The Private-Public Triple Flip: How Glenmore Christian Academy took advantage of the system

How one school blurred the line between being a public and private school

Glenmore Christian Academy in Calgary doesn’t offer gymnastics—but it should. The school has mastered the art of flipping from a privately run institution to enjoying the financial perks of being fully publicly funded and has now flipped back to being a private school.

Glenmore Christian’s gymnastics lesson offers a glimpse into the financial benefits available when a private school decides to join a public board. In 2006-2007 (the last year we have financial statements when they were still private) Glenmore Christian Academy spent $1.2 million total on operations and maintenance. In 2013-2014, the last year they were a ‘public’ school they spent $2.2 million on operations and maintenance on things like things like computer equipment, furniture, security cameras and upgrades to the school’s parking lot. All bought while the school was public, now stowed behind private doors.

When a private school joins a public school board the math is clear—they get more public money. As a private school they get 70 per cent of the operational funding that a public school would get for the same student. But as an “alternative program”, attached to a public school board, they get the full meal ticket: 100 per cent operational funding.

When Glenmore Christian Academy joined Palliser Regional Schools, a public school board, for the 2008-2009 school year it gave Glenmore Christian Academy the financial opportunity to spend more taxpayer money on soft infrastructure they would have had to have raised funds for if they had remained private. Those who want to keep public schools public describe the situation with Glenmore Christian as fundamentally unfair.

“You are stuck with that relationship between that board and private school, an arrangement that doesn’t seem to favour the public part of that arrangement. The private school gets to pick and choose the parts they want to comply with,” said Carolyn Blasetti, executive director of Support Our Students, a parent led non-profit that advocates for an equitable public education system.

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Double-dipping benefits private schools turned public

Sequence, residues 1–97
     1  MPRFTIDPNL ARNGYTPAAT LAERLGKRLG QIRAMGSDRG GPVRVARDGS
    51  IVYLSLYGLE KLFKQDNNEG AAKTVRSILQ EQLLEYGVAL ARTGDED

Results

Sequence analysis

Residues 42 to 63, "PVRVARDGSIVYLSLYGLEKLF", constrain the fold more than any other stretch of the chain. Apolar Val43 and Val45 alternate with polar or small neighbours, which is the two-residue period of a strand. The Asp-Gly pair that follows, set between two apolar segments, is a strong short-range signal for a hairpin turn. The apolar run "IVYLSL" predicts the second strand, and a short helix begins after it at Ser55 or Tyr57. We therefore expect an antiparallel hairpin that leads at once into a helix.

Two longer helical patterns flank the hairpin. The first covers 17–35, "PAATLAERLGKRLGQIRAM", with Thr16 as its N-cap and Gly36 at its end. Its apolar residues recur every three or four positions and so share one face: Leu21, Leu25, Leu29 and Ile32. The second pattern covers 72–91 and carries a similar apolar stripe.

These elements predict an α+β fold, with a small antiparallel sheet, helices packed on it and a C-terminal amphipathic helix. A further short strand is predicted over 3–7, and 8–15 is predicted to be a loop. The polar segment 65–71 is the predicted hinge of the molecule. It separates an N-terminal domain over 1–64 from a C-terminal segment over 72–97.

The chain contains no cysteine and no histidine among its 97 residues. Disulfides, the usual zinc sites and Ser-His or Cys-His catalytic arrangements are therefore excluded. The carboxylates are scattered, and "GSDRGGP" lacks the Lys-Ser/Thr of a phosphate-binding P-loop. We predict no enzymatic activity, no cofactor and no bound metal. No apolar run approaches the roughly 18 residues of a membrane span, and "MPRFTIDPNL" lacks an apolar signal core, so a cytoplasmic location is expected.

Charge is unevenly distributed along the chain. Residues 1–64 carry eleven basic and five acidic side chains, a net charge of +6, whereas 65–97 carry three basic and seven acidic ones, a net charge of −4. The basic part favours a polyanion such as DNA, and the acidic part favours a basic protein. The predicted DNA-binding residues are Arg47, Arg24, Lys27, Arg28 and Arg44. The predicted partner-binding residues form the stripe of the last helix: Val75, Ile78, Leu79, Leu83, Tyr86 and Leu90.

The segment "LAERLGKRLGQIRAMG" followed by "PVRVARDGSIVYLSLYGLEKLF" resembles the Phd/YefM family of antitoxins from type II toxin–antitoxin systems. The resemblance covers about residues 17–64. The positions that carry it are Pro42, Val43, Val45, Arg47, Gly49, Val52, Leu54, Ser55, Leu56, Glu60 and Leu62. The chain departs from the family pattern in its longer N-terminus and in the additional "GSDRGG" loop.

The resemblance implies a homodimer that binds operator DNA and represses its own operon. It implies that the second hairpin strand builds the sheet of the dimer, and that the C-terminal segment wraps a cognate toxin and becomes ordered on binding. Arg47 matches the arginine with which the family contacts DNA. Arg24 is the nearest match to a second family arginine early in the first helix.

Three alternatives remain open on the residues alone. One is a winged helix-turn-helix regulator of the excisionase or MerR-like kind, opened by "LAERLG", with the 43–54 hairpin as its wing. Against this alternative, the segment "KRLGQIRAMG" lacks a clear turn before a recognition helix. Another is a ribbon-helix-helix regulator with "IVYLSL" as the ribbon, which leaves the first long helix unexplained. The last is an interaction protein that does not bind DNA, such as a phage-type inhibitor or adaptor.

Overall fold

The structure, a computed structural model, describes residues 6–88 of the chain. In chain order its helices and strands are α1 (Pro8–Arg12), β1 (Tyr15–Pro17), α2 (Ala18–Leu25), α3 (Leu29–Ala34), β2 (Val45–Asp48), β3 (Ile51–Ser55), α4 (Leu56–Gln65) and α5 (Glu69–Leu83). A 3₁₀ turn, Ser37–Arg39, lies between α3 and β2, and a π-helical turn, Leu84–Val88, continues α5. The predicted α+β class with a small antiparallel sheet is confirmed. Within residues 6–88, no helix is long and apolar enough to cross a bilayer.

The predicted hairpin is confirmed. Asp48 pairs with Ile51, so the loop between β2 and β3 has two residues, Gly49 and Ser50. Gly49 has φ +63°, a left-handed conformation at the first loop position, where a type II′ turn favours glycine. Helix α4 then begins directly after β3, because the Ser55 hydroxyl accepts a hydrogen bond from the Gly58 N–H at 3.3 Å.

Today, even though it's a private school again, the situation at Glenmore Christian Academy isn’t all that different from when it was a “public” school. Parents continue to pay tuition fees of about $5300 a year. Instead of using public taxpayer money to maintain facilities, the school now charges a one-time facility fee of $2000.

It only took a few short months for Glenmore Christian, newly flipped back to being a private school, to get back to behavior that wouldn't fly in the public system—like teaching science classes that God is "the greatest scientist."

In the days when the school was under the Palliser school board it was double dipping—collecting the full complement of public funding on a per-student basis while still charging thousands of dollars per student in “fees.” Progress Alberta uncovered another private turned public school involved in the same double dipping scheme, Clear Water Academy, which charges more than $12,000 a year in “fees”. Unlike Glenmore Christian, however, Clear Water Academy remains “public.”

And there are a half dozen other private schools turned "alternative programs" that are fully publicly funded but still charge more than $3500 a year in fees. 

For Glenmore Christian Academy, who got to use the taxpayer funding of a public school while not having to meet the standards of one, the benefit was obvious—but the arrangement got the Palliser school board more than their fair share, too. Palliser is a small rural school board based in Lethbridge that saw a way to increase declining enrolment by signing up faith based private schools as “alternative programs” in Calgary.  

“For rural boards it’s been a way to get themselves out of difficulties,” said Blasetti.

“It’s a mutually beneficial relationship otherwise they wouldn’t do it. They’re getting extra funding from the province that can help their board by having alternative schools and the alternative schools are getting the benefits of being under a public board, which means more funding.”

And Palliser has its own issues. In February 2017, according to the Calgary Herald, the board fired its embattled superintendent amid an ongoing controversy over his leadership and alleged “abusive” behaviour. 

When Glenmore Christian left the Palliser board they took with them 600 students and the government money attached to them. At the time the board said the loss of those students would have “significant financial repercussions." The board went to the government for transition funding but were denied.

Glenmore Christian refused to comment when contacted to explain the decision to join a public school board and why it reverted back to private school status.

The private to public and back to private manoeuvre, although unique to Glenmore Christian Academy, has been considered by other schools in Alberta. Master’s Academy in Calgary joined the Palliser board in 2008 and in December 2011 told the board it wanted to terminate its agreement and revert to private status. Over the next year, the Palliser School board convinced Master’s Academy to stay. Master’s Academy, by the way, charges $6715 a year in “fees," and a $7000 bond, even though it’s ostensibly a public school.

The reasons, financial and otherwise, behind Glenmore Academy’s private-public triple-flip aren’t clear. What is clear is that when private schools join public boards they should actually act like public schools and not simply take advantage of Alberta taxpayers.

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